So, after watching 6 more games of Okokoh, what parts of my initial evaluation remained true? Well, for one, Okokoh’s fluid movement remained impressive. Coach Cheng routinely put Okokoh at the top of Canada’s 1-2-2 zone in the tournament, a position that is never filled by a slow-footed, labouring big. In fact, I am probably going to agree with Hair Canada that Okokoh is potentially a wing/big hybrid prospect moving forward due to his fluidity.
This two way sequence perfectly encapsulates Okokoh’s current strengths as a player. Forced to cover 2, he makes the rotation to the wing, and then goes to recover to the corner as well, where he first plays the drive and then contests the shot. At professional levels, the rotation to the corner isn’t even his responsibility (see “X-Out” rotation)! While the shot was still semi-open, I was impressed with the amount of ground Okokoh covered, which was only made possible by his fluidity, agility and length. After the miss, we see him make a strong rim run, catch the pass, dribble, gather and dunk all in 1 smooth motion. Really, really good stuff!
And he also had some interesting flashes guarding Lopez on the perimeter in the quarterfinals against Mexico. To be fair, in the second clip he does get caught a little off balance and fall behind after Lopez resets, but still the flashes of fluidity are there.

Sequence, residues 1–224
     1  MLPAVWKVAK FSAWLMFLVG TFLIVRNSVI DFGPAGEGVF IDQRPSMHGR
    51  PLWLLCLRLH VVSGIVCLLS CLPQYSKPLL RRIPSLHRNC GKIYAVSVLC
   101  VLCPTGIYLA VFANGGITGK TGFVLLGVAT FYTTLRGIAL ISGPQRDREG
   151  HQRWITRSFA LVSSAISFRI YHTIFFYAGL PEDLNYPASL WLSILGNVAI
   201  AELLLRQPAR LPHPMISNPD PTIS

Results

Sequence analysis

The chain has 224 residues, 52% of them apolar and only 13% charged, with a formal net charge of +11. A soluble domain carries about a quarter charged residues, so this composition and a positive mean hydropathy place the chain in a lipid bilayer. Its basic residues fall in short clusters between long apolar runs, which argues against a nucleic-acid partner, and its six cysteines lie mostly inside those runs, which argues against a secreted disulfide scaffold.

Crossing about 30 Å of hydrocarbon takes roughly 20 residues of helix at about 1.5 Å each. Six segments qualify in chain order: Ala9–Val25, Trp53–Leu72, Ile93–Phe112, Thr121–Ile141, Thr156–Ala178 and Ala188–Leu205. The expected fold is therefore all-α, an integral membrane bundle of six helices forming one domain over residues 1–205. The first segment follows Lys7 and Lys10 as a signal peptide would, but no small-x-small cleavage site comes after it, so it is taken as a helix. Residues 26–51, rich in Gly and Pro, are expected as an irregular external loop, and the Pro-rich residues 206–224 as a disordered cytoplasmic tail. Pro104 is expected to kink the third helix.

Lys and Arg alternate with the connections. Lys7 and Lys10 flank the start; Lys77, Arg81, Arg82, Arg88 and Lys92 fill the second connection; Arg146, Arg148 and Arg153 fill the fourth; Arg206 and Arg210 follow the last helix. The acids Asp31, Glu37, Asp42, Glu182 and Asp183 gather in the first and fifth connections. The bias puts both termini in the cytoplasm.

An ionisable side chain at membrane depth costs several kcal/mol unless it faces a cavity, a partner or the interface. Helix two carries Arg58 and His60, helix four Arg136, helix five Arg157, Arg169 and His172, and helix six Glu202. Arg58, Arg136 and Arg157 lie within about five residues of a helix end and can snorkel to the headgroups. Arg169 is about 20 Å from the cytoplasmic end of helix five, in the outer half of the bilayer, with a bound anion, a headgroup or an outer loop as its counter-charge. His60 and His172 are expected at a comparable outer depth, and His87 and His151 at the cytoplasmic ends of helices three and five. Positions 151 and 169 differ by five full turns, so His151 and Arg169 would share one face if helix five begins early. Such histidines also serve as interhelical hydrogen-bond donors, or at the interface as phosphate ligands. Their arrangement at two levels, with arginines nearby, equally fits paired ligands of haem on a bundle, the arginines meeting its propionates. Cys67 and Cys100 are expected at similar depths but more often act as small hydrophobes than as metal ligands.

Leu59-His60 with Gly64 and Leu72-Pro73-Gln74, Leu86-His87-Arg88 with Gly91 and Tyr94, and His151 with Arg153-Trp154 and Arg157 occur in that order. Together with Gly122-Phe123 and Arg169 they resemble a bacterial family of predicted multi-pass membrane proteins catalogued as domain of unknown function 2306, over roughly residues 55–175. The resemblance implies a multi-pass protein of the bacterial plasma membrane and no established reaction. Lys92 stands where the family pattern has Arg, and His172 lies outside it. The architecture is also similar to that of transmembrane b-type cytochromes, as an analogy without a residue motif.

Also, I would say Okokoh continues to be a good rim protector. He wasn’t the towering presence in the paint at the U16 Americas like he was at BioSteel (just the nature of the bigger athletes at a higher competition level), and yet I felt he was still quite effective. The block numbers don’t jump out and I think this does match the film. Rather than hunt blocks, Okokoh alters shots at the rim by staying vertical. He’s pretty adept at challenging shots without fouling, as seen by his 0.3 fouls per game (the lowest mark on the team despite playing the 6th most MPG). As an aside, the 1st clip is another great example of Okokoh’s sound defensive processing. You can see he recognizes that his teammate (#34 red) and himself are defending the same area and as a result, he problem solves and drops back to play the centre of the zone. Then Okokoh sees the post entry pass come in and rotates over to help by staying vertical on the contest. Just a fantastic defensive possession from such a young player.